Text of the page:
• Moving Average every 3-rows Vs a Continuous Average
  • Partition By Resets an ANSI OLAP
  • Moving Difference using ANSI Syntax with Partition By
  • RANK Defaults to Ascending Order
  • Getting RANK to Sort in DESC Order
  • COUNT OVER for a Sequential Number
  • Troubleshooting COUNT OVER
  • The MAX OVER Command
  • Troubleshooting MAX OVER
  • The MIN OVER Command
  • Troubleshooting MIN OVER
  • Finding a Value of a Column in the Next Row with MIN
  • The Row_Number Command
  • Using a Derived Table and Row_Number
  • Ordered Analytics OVER
  • Different Windowing Options
  • The CSUM For Each Product_Id and the Next Start Date
  • How Ntile Works
  • Ntile
  • Ntile Percentile
  • Using Tertiles (Partitions of Four)
  • LEAD
  • LAG
  • SUM(SUM(n))

Temporary Tables

  • There are Two Types of Temporary Tables
  • CREATING A Derived Table
  • Naming the Derived Table
  • Aliasing the Column Names in The Derived Table
  • Multiple Ways to Alias the Columns in a Derived Table
  • CREATING A Derived Table using the WITH Command
  • The Same Derived Query shown Three Different Ways
  • Most Derived Tables Are Used To Join To Other Tables
  • The Three Components of a Derived Table
  • Visualize This Derived Table
  • A Derived Table and CAST Statements
  • Clever Tricks on Aliasing Columns in a Derived Table
  • MULTIPLE Derived Tables using the WITH Command
  • Three Steps to Creating a Temporary Table
  • Three Versions of Creating a Temporary Table
  • ON COMMIT PRESERVE ROWS is the Greenplum Default
  • How to Use the ON COMMIT DELETE ROWS Option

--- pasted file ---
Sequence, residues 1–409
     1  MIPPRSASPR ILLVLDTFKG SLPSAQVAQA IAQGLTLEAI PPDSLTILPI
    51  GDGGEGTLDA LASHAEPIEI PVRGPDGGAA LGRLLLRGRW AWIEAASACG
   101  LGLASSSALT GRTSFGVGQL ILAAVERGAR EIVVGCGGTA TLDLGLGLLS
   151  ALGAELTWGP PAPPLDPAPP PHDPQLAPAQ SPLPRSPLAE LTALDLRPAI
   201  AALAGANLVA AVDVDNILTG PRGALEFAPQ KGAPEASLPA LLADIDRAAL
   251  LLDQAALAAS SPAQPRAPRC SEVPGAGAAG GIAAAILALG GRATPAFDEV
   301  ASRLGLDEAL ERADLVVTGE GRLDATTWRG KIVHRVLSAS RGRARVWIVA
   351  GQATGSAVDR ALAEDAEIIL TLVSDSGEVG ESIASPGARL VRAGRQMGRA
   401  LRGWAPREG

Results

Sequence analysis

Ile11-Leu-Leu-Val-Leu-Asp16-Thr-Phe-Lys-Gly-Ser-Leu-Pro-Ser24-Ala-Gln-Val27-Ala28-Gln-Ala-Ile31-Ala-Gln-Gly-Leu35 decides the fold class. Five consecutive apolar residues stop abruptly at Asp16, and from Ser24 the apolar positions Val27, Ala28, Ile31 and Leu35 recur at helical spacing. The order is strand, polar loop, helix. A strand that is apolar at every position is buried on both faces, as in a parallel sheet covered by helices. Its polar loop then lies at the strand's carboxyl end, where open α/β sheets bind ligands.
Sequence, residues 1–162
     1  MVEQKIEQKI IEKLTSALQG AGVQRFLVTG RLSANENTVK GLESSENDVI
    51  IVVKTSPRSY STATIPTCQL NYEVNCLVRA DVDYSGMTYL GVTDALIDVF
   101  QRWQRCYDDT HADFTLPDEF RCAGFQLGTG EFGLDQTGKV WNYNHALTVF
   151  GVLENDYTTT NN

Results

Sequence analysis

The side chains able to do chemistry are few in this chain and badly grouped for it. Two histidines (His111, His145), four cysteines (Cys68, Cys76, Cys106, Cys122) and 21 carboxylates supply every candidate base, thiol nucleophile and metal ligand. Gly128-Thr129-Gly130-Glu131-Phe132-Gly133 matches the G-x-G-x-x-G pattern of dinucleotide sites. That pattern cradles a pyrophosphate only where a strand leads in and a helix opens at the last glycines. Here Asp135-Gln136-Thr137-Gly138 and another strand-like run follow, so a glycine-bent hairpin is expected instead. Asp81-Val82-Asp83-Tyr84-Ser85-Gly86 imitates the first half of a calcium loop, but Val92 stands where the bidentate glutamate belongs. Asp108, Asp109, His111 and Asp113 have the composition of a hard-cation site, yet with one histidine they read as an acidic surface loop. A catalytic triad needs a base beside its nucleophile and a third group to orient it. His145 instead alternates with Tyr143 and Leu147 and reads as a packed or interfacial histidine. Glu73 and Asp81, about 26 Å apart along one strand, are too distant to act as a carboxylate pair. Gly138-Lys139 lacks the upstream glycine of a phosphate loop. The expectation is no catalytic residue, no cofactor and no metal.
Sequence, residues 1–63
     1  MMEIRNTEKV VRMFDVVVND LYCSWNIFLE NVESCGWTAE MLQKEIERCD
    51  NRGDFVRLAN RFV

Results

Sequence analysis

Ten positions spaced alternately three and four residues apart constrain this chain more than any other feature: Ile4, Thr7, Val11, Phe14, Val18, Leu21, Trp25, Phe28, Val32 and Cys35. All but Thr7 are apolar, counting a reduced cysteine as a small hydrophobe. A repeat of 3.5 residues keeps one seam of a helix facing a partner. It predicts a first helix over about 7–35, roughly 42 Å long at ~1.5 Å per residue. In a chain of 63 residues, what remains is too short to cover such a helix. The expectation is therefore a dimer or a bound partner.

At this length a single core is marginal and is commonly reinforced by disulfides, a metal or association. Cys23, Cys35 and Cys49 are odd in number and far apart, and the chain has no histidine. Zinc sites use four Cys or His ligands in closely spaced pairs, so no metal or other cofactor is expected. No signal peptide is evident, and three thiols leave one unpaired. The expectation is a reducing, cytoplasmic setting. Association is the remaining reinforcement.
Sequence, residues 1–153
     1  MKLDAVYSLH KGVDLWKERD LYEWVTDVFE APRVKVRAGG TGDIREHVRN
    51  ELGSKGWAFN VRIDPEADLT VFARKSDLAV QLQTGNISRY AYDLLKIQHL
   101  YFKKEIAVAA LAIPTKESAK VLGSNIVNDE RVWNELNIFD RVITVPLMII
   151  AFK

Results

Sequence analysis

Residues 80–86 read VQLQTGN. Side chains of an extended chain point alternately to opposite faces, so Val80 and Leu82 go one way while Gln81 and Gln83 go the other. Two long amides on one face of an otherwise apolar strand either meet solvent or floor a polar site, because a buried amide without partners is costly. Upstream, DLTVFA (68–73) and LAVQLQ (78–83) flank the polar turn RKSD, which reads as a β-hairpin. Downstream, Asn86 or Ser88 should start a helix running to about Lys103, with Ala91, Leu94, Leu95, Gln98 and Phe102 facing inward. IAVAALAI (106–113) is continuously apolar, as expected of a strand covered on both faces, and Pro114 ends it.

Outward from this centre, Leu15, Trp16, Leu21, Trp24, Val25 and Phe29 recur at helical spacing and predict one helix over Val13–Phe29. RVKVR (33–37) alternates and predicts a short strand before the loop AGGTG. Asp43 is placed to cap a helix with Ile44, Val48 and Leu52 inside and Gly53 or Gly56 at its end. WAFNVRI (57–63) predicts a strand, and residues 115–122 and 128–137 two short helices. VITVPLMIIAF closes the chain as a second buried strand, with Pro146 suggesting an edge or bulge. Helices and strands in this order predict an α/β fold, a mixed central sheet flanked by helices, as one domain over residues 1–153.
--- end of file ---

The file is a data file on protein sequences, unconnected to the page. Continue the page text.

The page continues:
• Create Table AS/LIKE
  • Creating a Clustered Index on a Temporary Table

Substrings and Positioning Functions

  • The CHARACTERS Command Counts Characters
  • The TRIM Command
  • Trim Combined with the CHARACTERS Command
  • A Visual of the TRIM Command Using Concatenation
  • The SUBSTRING Command
  • An example using SUBSTRING, TRIM and CHAR Together
  • The POSITION Command finds a Letters Position
  • Concatenation
  • Concatenation and SUBSTRING
  • Four Concatenations Together
  • Troubleshooting Concatenation

Interrogating the Data

  • The NULLIF Command
  • The COALESCE Command – Fill In the Answers
  • COALESCE is Equivalent to This CASE Statement
  • The COALESCE Command
  • The Basics of CAST (Convert and Store)
  • A Rounding Example
  • Some Great CAST (Convert And STore) example
  • Using an ELSE in the Case Statement
  • Using an ELSE as a Safety Net
  • Rules For a Valued Case Statement
  • Rules for a Searched Case Statement
  • Valued Case Vs. A Searched Case
  • The CASE Challenge
  • Combining Searched Case and Valued Case
  • A Trick for getting a Horizontal Case
  • Nested Case

Set Operators Functions

  • Rules of Set Operators
  • INTERSECT Explained Logically
  • UNION Explained Logically
  • UNION ALL Explained Logically
  • EXCEPT Explained Logically
  • An Equal Amount of Columns in both SELECT List
  • Columns in the SELECT list should be from the same Domain
  • The Top Query handles all Aliases
  • The Bottom Query does the ORDER BY (a Number)
  • Great Trick: Place your Set Operator in a Derived Table
  • Using UNION ALL and Literals
  • A Great example of how EXCEPT works
  • USING Multiple SET Operators in a Single Request